“Ensuring migrants, including children and infants, in our custody have their basic needs met is in line with this Administration’s commitment to ensuring safe, orderly and humane processes at our border.” Including, the statement continued, complying with “all applicable regulations for the purchase of products used” in its facilities.

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The Washington Post reported Thursday that every president in recent history — Democrats and Republicans, Donald Trump and Joe Biden alike — has been bound by and followed the same rules regarding how migrant children are treated. The Flores consent decree, negotiated by the Department of Justice during Bill Clinton’s presidency includes food, which “must be appropriate for at-risk detainees’ age and capabilities (such as formula and baby food).”

Wrote the Post’s Glenn Kessler: “The Flores settlement requires the federal government to release rather than detain undocumented immigrant children, first to their parents if possible, to other adult relatives if not, and to licensed programs willing to accept custody if no relatives are available. A 2015 judicial ruling then said the Flores settlement covered all children in immigration officials’ custody, regardless of whether they were apprehended crossing the border alone or with family.”

Rebuilding the supply

Also Thursday, the White House released a summary of the president’s conversation with leaders of two companies that manufacture infant formula, Reckitt and Gerber, and with officials from Walmart and Target. They met virtually to discuss the infant formula shortage and efforts to address it.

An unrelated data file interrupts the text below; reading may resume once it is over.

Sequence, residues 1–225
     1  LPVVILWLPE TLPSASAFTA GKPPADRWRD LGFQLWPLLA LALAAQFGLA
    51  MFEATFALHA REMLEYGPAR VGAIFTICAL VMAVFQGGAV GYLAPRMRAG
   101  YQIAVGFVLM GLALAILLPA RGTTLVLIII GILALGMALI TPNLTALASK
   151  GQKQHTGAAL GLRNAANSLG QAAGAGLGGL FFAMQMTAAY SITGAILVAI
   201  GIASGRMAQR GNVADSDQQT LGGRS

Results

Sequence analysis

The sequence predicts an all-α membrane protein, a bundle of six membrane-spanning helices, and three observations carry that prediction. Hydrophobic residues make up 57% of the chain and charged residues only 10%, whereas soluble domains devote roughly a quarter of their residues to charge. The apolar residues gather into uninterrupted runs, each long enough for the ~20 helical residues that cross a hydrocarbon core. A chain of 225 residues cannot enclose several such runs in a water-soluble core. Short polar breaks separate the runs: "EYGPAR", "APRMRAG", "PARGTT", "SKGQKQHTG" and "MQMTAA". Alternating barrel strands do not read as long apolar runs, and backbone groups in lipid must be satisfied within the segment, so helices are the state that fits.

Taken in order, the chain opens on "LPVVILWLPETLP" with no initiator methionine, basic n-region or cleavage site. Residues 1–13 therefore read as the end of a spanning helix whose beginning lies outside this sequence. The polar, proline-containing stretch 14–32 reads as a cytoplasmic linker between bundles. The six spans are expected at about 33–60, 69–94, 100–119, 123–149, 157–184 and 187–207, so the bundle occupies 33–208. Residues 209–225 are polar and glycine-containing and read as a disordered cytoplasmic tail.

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The shortage began after a voluntary recall of powdered infant formula made by Abbott, which temporarily closed a manufacturing facility in Sturgis, Michigan. Four children were hospitalized with bacterial infections believed linked to formula produced in the plant; two of them died.

Reckitt and Gerber are increasing production of their baby formula to cover some of the gaps in the marketplace created by the loss of the Abbott baby formula. The company leaders said they are operating around the clock and that Gerber increased the amount of its formula available to consumers by about 50% in the last two months. Reckitt said it is supplying about 40% more baby formula compared to what it was producing during the same period in 2021.

Target and Walmart, meanwhile, talked to the president about how they planned to stock their shelves with baby formula. And the president asked how his team could help move product and make sure it reaches the communities that need it.

The White House has announced plans to:

  • Increase baby formula imports.
  • Get the Federal Trade Commission and state attorney generals to go after price gougers and those employing unfair market practices.
  • Ease restrictions so stores can stock more infant formulas by encouraging state flexibility in the Special Supplemental Nutrition Program for Women, Infants and Children.